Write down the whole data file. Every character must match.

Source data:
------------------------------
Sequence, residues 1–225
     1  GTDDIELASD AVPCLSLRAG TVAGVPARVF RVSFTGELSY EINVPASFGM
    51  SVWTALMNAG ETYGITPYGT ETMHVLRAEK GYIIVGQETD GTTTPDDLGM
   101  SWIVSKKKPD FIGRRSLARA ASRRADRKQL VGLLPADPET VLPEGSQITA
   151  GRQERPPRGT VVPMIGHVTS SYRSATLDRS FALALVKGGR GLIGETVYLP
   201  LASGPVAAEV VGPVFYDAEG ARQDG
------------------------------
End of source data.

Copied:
Sequence, residues 1–225
     1  GTDDIELASD AVPCLSLRAG TVAGVPARVF RVSFTGELSY EINVPASFGM
    51  SVWTALMNAG ETYGITPYGT ETMHVLRAEK GYIIVGQETD GTTTPDDLGM
   101  SWIVSKKKPD FIGRRSLARA ASRRADRKQL VGLLPADPET VLPEGSQITA
   151  GRQERPPRGT VVPMIGHVTS SYRSATLDRS FALALVKGGR GLIGETVYLP
   201  LASGPVAAEV VGPVFYDAEG ARQDG